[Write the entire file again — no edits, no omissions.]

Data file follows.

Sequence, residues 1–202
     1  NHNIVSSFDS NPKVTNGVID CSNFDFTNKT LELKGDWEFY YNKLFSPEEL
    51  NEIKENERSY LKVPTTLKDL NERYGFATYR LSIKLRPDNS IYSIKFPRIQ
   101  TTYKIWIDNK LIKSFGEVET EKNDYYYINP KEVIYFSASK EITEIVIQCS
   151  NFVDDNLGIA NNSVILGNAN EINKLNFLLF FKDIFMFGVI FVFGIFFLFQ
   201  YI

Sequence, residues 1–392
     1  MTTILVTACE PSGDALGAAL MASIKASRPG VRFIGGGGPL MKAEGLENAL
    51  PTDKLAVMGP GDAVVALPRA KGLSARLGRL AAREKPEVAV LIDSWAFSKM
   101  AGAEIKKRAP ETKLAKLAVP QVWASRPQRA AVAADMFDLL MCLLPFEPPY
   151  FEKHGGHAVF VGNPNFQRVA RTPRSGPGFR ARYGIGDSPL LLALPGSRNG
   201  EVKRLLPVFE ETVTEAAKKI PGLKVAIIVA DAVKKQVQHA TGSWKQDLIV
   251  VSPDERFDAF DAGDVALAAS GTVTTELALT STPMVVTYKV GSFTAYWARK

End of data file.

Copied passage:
Sequence, residues 1–202
     1  NHNIVSSFDS NPKVTNGVID CSNFDFTNKT LELKGDWEFY YNKLFSPEEL
    51  NEIKENERSY LKVPTTLKDL NERYGFATYR LSIKLRPDNS IYSIKFPRIQ
   101  TTYKIWIDNK LIKSFGEVET EKNDYYYINP KEVIYFSASK EITEIVIQCS
   151  NFVDDNLGIA NNSVILGNAN EINKLNFLLF FKDIFMFGVI FVFGIFFLFQ
   201  YI

Sequence, residues 1–392
     1  MTTILVTACE PSGDALGAAL MASIKASRPG VRFIGGGGPL MKAEGLENAL
    51  PTDKLAVMGP GDAVVALPRA KGLSARLGRL AAREKPEVAV LIDSWAFSKM
   101  AGAEIKKRAP ETKLAKLAVP QVWASRPQRA AVAADMFDLL MCLLPFEPPY
   151  FEKHGGHAVF VGNPNFQRVA RTPRSGPGFR ARYGIGDSPL LLALPGSRNG
   201  EVKRLLPVFE ETVTEAAKKI PGLKVAIIVA DAVKKQVQHA TGSWKQDLIV
   251  VSPDERFDAF DAGDVALAAS GTVTTELALT STPMVVTYKV GSFTAYWARK